‘Believe in People’: A Book Every Catholic Should Read

COMMENTARY: New book shows how all of us can make America, and the world, a more just place and enable everyone to lead better lives. It is as comprehensive as it is heartening and inspiring.

This book beautifully conveys the truths of Catholic social teaching.
This book beautifully conveys the truths of Catholic social teaching. (photo: St. Martin's Press book cover)

My friend Charles Koch has written a new book, Believe in People: Bottom-Up Solutions for a Top-Down World. Released on Nov. 17 and written with Stand Together CEO Brian Hooks, the book is a must-read for Catholics.

Koch and Hooks aren’t writing from a Catholic perspective. But their book still beautifully conveys the truths of Catholic social teaching. The language they use may not always be familiar, but the underlying themes are ones the faithful should know well. The authors are deeply concerned with the common good, and, like us, they want to help everyone pursue it — and enable our society to achieve it. 

In fact, that’s what the entire book is about: how all of us can come together to build a more just society. That vision animates us Catholics. It is a crucial part of our calling in this life.

The overlap with Catholic social teaching is evident from the title of the book, Believe in People. Having known Koch for well over a decade, I’ve often heard him talk about how every person has a unique gift, something that they can use to improve their own lives and the world around them. His whole life has been spent trying to empower more people to find their gift. In the book itself, the authors write movingly about how the people who are ignored or overlooked are just as important as others. As they persuasively argue, the downtrodden deserve to be included and empowered just like the rest of us.

What is this concept, if not a reflection of the first principle of Catholic social teaching: the dignity of the human person? 

We see the inherent worth in every human being — which is to say, we believe in people. Color, creed, country of birth — for the Catholic, none of that affects the deep respect that we afford to everyone, by virtue of our common bond as children of God. We are all capable of “co-creating” through our work and advancing God’s plan for the world. The authors don’t say that we’re all made “in the image and likeness of God,” (Catechism of the Catholic Church, 1700), yet they still reach the same conclusion that each and every person has something amazing within them.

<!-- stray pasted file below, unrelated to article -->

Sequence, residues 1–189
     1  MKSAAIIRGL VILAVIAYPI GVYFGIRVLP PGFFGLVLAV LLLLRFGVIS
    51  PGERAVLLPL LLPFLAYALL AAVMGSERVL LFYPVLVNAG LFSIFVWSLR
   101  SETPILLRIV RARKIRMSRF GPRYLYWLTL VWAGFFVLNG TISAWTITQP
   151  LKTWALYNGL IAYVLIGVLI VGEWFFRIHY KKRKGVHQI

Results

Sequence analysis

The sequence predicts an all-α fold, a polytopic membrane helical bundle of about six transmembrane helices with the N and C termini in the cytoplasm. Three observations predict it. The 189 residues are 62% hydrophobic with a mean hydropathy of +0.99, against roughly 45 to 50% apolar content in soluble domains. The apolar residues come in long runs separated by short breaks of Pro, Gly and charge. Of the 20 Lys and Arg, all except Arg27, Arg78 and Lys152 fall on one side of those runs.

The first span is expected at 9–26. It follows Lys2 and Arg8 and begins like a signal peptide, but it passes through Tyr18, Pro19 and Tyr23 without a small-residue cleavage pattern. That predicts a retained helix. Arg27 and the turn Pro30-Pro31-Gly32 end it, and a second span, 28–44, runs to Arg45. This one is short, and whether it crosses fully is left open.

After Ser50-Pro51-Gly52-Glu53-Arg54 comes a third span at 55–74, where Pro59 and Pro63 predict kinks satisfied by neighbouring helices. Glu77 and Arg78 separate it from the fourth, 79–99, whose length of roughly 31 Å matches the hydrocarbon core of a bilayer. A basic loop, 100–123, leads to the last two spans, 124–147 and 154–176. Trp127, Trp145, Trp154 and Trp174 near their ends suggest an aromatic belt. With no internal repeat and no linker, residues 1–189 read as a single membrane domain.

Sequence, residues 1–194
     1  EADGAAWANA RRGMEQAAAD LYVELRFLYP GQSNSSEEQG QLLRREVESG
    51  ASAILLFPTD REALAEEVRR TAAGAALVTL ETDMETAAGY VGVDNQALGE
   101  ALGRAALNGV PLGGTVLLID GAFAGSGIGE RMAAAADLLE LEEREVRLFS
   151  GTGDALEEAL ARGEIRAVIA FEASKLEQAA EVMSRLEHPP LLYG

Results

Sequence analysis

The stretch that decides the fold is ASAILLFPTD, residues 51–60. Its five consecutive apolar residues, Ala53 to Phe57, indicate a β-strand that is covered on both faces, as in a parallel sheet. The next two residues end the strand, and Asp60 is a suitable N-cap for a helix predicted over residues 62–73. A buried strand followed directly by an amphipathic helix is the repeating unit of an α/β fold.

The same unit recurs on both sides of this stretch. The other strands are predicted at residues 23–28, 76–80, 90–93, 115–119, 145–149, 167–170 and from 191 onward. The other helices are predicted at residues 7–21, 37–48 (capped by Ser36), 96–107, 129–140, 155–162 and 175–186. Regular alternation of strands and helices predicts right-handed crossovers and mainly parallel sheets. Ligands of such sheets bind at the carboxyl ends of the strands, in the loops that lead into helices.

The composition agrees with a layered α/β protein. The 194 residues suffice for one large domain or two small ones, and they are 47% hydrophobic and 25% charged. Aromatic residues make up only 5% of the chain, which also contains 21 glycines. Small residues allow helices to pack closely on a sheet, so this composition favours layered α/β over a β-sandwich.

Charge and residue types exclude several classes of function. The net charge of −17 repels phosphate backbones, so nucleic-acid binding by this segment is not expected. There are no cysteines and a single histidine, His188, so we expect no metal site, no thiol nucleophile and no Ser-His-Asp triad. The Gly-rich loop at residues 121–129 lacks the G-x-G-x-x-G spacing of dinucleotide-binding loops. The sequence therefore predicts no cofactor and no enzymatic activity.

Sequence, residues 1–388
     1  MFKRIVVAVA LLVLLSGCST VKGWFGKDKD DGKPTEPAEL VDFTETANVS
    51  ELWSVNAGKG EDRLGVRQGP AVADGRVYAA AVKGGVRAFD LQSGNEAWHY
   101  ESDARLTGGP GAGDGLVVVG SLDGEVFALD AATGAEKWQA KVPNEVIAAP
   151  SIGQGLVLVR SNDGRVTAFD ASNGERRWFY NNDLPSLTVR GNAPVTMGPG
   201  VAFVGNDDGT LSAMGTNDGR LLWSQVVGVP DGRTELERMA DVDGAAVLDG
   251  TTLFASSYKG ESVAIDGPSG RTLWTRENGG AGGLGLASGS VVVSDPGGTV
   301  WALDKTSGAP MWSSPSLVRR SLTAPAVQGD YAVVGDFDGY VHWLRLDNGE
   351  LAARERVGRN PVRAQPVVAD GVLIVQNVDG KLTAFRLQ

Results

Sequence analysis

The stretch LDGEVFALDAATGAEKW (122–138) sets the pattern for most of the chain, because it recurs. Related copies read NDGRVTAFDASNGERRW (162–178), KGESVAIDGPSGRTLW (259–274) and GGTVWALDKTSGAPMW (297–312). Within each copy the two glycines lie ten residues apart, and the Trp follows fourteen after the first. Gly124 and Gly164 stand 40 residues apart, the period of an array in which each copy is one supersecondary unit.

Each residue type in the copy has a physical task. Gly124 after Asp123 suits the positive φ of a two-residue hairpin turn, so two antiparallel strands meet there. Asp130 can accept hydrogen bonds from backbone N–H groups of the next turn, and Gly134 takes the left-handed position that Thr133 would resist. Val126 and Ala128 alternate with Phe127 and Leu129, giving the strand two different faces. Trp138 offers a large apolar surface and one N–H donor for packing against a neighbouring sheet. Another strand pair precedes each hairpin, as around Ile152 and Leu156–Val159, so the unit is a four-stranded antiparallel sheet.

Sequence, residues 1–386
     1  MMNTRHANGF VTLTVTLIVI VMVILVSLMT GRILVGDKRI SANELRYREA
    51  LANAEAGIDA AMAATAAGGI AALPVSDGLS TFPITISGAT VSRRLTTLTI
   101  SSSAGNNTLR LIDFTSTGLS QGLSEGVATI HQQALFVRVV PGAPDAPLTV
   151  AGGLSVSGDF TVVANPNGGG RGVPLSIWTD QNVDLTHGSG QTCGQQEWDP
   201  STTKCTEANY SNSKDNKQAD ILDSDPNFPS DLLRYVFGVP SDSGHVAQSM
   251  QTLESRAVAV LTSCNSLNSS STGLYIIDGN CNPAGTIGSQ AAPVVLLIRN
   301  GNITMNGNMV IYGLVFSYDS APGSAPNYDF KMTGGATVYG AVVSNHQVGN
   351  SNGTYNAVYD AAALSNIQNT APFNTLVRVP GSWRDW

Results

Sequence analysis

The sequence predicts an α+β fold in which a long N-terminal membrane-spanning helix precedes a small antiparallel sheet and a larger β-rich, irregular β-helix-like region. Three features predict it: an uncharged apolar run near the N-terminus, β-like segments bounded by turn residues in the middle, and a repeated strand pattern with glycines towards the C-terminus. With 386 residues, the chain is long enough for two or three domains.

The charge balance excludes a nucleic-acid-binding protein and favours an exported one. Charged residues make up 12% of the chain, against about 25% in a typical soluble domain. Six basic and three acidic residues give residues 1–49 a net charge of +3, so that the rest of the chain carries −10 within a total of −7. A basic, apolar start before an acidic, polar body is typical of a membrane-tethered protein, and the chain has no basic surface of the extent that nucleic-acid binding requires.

Even more remarkable, their belief in people causes them to uphold the next two pillars of Catholic social teaching: subsidiarity and solidarity.

Let’s start with subsidiarity. As Catholics, we believe that problems should be solved at the lowest possible level. In the words of the Catechism, this “bears witness to [God’s] great regard for human freedom” (Catechism, 1884). Said another way, subsidiarity means that the “powerful,” whether in government or any other institution, shouldn’t try to address every issue in society on their own. This does more harm than good, because it ignores the roles and responsibilities that all of us have in the pursuit of justice.

The authors never use the word “subsidiarity.” But they do use the phrase “bottom-up” (see the book’s subtitle). As they prove in theory and through dozens of examples, the best way to address the massive issues facing America is to empower everyone to be part of finding the solution. This includes the incredible idea that those who’ve lived a problem, like poverty or homelessness, often know the best way to make progress on it. The rub is that these people are typically ignored or undervalued. 

One example they use is the War on Poverty. After 50 years and more than $20 trillion, the poverty rate hasn’t moved much. Why? Because this war is being waged from the top-down, not the bottom-up. The authors introduce the reader to incredible individuals — most of whom lived in poverty themselves — who are making more progress against poverty than any government program ever has or could. 

The ultimate point is that embracing “bottom-up” instead of “top-down” solutions will enable America to tackle big problems a lot faster and a lot more effectively. Another way to put it is that we need subsidiarity.

Finally, the authors make a full-throated case for solidarity. For Catholics, solidarity is defined as “friendship” or “social charity,” and it is a key part of our “effort for a more just social order where tensions are better able to be reduced and conflicts more readily settled” (Catechism, 1940). It is the act of putting aside our differences to recognize and advance the common good.

Especially in the second half of the book, the authors constantly make the point that we all must unite to do what’s right. Not only that, they highlight a concrete and realistic road to make that happen on issue after issue, whether it’s poverty, education, economic opportunity, or anything else. One of the bigger focuses is the need to move beyond partisanship and try partnership instead. Far from downplaying solidarity, the authors make it one of the book’s biggest focuses.

Taken together, the book’s main points spring from the truth that Catholics hold dear. As a result, the path that the authors sketch out is one of wisdom. Believe in People really does show how all of us can make America, and the world, a more just place and enable everyone to lead better lives. It is as comprehensive as it is heartening and inspiring. 

There’s so much more I could write about this book. But your best bet is to read it. I can’t recommend it enough.

 

Tim Busch is founder of the Napa Institute, a Catholic lay organization, and a member of the Stand Together philanthropic community.

Joe Biden leaves after attending Mass at St. Ann Catholic Church on Nov. 21 in Wilmington, Delaware.

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